Sail Boston Grand Parade of Sail 2017


We woke up to a misty and foggy Boston the morning of the Grand Parade of Sail. For a while it didn’t seem like a sighting of even the tallest of tall ships could be possible. But after a one-hour delay to 10:00 am to commence the ceremony, we made our way to Lo Presti Park for arguably the best seats and views for Sail Boston 2017. What made it extra fun was that we were able to watch the Opening Ceremony and the first tall ships on TV with commentary from WCVB (highlights here), and STILL make it in time to see the ships cruise along the Boston Harbor and put on a show for the Eastie waterfront spectators.IMG_0297

Seeing “America’s Tall Ship,” the Eagle, leading vessels from all over the world was a sight to behold for children of all ages. The little nerd in me was awestruck at the history and legacy of the ship, and the cadets that make this kind of journey possible. What a time to be alive! To see remnants of history in real time, in a surreal mix of the old and the new.IMG_0326IMG_0312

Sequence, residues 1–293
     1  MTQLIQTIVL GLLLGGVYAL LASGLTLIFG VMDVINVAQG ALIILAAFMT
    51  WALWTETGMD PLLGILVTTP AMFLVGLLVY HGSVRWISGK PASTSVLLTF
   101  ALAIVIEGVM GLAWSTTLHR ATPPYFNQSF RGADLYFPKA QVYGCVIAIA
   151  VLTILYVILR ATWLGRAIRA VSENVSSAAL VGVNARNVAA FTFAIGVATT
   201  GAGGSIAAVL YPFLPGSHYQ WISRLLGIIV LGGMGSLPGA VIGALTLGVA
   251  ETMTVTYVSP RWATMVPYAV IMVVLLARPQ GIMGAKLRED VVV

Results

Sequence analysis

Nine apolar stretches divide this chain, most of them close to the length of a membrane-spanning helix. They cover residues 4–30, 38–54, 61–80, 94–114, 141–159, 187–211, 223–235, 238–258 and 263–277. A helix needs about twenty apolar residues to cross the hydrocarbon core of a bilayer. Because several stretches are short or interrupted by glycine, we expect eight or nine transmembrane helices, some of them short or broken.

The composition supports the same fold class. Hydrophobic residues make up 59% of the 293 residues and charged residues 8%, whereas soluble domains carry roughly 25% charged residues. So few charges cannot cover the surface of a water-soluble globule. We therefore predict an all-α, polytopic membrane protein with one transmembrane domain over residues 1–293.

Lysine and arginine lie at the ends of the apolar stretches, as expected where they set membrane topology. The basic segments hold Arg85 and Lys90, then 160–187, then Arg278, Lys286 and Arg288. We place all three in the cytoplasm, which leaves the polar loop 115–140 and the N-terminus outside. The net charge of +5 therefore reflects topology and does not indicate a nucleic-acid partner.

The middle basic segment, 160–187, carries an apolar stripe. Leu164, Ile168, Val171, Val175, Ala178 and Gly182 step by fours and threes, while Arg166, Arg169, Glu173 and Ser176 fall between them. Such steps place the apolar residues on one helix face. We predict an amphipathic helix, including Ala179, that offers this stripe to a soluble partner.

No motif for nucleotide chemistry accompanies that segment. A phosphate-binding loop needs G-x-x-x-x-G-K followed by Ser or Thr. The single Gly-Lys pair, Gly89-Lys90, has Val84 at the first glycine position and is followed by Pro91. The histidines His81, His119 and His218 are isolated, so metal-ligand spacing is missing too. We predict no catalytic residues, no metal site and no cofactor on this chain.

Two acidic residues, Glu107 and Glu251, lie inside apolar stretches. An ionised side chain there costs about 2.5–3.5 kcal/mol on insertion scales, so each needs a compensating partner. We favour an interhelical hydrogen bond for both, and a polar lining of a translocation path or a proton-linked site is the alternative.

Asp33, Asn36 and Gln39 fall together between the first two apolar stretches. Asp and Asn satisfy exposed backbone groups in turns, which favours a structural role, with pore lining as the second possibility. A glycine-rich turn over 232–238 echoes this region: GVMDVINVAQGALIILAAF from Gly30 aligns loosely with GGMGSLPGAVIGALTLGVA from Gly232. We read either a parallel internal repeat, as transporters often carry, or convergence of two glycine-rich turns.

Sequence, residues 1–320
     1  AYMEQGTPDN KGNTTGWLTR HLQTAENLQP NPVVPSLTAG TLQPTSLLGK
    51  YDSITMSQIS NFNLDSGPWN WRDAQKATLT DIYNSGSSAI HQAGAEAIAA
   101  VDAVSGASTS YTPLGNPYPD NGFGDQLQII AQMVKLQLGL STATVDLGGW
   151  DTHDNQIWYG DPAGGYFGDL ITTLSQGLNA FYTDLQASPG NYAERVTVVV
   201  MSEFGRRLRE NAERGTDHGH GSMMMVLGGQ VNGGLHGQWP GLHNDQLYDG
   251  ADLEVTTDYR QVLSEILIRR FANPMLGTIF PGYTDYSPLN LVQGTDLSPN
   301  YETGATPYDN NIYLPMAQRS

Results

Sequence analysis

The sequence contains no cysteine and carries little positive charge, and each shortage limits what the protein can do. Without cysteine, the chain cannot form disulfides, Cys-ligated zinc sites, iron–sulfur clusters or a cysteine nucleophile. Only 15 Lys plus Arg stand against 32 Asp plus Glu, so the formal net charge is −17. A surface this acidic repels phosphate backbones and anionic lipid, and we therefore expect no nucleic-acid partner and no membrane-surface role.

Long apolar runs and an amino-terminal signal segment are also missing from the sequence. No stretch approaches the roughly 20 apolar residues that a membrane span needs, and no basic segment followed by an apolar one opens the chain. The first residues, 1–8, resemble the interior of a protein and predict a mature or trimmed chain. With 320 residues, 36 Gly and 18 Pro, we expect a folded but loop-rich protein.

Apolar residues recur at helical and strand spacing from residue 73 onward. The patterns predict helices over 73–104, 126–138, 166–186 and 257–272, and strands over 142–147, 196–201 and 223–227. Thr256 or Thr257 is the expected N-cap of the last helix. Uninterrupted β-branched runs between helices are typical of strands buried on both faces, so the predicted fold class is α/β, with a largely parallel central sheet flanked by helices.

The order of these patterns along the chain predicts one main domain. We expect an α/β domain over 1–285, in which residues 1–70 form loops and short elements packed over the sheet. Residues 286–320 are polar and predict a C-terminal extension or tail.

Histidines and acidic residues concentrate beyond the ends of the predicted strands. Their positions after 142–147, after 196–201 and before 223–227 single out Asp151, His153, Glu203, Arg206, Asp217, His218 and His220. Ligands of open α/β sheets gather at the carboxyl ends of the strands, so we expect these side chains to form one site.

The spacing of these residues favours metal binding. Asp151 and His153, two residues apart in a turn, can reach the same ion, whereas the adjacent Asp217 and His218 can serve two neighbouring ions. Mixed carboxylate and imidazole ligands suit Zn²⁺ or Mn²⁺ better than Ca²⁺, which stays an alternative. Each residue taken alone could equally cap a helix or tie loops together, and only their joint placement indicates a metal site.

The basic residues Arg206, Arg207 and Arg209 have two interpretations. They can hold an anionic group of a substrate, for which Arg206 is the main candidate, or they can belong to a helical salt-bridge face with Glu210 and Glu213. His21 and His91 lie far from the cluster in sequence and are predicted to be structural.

Side note: anyone else ever feel slightly unsettled seeing checkpoints in your neighborhood for large-scale events or at major tourist sights? It definitely made me feel safer for sure, and fortunately the uneasiness didn’t last very long. I quickly grew fascinated by the people that flocked the park for Sail Boston, as well as the panoramic views of Eastie and the rest of Boston from where I stood – a quick snapshot of a neighborhood in transition. IMG_0318IMG_0298IMG_0354